The Oxjam has always been a “well-played” charity event and this particular one in London, was in one of the larger branches of the charitable mastodon. The setting was ideal, an avant-garde neighbourhood of the metropolis which has recently gone from a quietly infamous repute to one of a hip, up-and-coming place to be and an unsuspecting, unpretending and unkempt, corner-store Oxfam shop. However, the disposition of the shop was a clear indication that this was all carefully planned as it incited the grooving visitors not only to buy tickets or alcohol but also clothes, all to the rhythm of the entrancing sounds of some of the most popular current DJs.
As you came in there were two sets of security guards one for the outside and one for the inside; 6 men all in black, one of them with strikingly similar features to Wesley Snipes. A good choice, in a neighbourhood on edge between troublemakers and hipsters – wouldn’t you say? I was also pleasantly surprised at the kindness of the staff as the manager of the shop even allowed me to print out my night’s bus return ticket (props to him if he’s reading this), for which of course he was duly rewarded with my charming smile and kind words and of course, A BEER!
The evening started with Dan Avery, who unfortunately lacked a sufficient audience for the greater part of his set. His beats were all eighties-reminiscent, accompanied by melodies which went through a broad spectrum of light and dark, like you might find in Kraftwerk or Joy Division or New Order. Minimal, simplistic but far from boring, he would have profited from a later start and a more unhinged crowd. It just goes to prove what renown can contribute to a show, as most people were simply too shy to dance, for fear of standing out, no doubt. Avery’s set culminated around the two or three last mixes where his minimal powers grew stronger and he rolled out some heavier sounding, thumping bass-laden tracks. His last track was effortlessly and flowingly mixed straight into that of Breach (aka Ben Westbeech) and the only difference was the face of the DJ, at first.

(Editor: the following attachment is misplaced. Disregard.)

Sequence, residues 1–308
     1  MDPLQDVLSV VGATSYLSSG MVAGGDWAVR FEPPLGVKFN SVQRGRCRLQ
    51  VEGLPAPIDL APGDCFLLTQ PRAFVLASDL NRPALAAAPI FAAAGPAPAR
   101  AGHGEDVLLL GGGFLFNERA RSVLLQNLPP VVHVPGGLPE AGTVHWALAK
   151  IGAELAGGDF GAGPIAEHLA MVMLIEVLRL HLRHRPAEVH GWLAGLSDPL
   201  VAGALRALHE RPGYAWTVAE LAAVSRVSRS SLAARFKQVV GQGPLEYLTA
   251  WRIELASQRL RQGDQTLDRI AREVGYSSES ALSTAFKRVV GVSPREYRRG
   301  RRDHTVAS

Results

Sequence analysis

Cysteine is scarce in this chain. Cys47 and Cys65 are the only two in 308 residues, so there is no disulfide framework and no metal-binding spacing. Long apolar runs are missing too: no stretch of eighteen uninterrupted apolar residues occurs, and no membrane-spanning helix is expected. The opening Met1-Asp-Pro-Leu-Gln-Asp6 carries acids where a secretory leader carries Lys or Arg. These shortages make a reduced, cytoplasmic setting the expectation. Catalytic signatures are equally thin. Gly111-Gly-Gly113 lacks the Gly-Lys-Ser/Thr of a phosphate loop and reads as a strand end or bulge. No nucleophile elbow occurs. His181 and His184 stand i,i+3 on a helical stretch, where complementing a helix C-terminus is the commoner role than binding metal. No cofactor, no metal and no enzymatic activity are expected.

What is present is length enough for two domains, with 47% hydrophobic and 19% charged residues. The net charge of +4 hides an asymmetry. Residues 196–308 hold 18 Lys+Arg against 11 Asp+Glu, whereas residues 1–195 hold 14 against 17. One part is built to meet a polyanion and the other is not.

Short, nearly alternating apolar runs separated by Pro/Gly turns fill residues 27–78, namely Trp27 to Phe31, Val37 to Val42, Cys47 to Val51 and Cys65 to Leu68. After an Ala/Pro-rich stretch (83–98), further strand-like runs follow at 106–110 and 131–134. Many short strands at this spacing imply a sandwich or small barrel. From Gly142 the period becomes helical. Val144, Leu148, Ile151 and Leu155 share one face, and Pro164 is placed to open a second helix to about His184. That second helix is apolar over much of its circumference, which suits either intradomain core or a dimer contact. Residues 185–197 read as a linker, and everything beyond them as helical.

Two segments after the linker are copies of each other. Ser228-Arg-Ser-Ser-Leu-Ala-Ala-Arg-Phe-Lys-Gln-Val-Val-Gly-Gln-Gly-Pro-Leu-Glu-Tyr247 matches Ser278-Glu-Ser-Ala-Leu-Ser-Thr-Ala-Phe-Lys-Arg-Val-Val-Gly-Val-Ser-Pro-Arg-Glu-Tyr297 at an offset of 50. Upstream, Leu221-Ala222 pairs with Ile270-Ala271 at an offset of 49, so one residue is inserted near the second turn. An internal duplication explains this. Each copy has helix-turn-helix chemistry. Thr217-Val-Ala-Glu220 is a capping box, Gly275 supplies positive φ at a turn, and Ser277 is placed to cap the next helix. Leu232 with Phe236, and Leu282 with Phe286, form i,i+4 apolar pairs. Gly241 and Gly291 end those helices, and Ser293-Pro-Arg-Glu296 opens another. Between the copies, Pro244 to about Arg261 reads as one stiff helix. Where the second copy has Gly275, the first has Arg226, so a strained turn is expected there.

Breach started out strong, but as his set went on it became weaker, sacrificing his heavy and ominous introduction for some vocal house culminating with one song where some woman singing in the foreground was accompanied by an electro-minimal beat. Not something you want to encounter in a line-up like this one, it ruined the mood for some going against expectations and made those few obnoxious drunk students start to sing along to what was being played, which is never really a good sign – except when that music is the night’s theme – but really, who can blame him for trying to arouse the crowd from their stoicism.
Eventually, after shutting out most of the audience with a few other sonic burdens, it was about time for some new sound which only came with open arms as the crowd started cheering as soon as Totally Enormous Extinct Dinosaurs stepped onto the podium to collect his fair share of the evening’s attention. Orlando laid out an impressive set, nothing to do with his normal music really – still minimalistic and light-sounding, with that almost whispering quality which his music can sometimes have, but only until the bass dropped and he brought in some interesting samples.
The night’s headliner exceeded expectations as he, in completely casual clothes, gradually moved the crowd to a state of drunk thrashing cum mellow pirouetting which, at electronic music events, is often equated to dancing. The culmination of his set was his remix of the wonderful seventies Roxy Music’s ‘Love Is The Drug’ which was absolutely delicious and took its time to develop and conclude with an also a generally fitting theme for the night. Orlando’s and Dan’s sets were uncannily similar and definitely my favourite of the three that night but TEED brought a more bold and boastful sound to the style, and some older music, which will probably come to Avery in time as his popularity grows.
Unfortunately, I was forced to end my night abruptly as I feared I might miss the previously mentioned bus, and though my departure did turn out to be too early I was glad to get one last glimpse of Dalston and its inhabitants in the streets and the underground: a jolly bunch of inebriated hip kids with a good sense of fashion (for the most part) and a will to party. All in all, a night worth its while and some artists which I am listening to frequently ever since. Over and out.
Photography by Dan Medhurst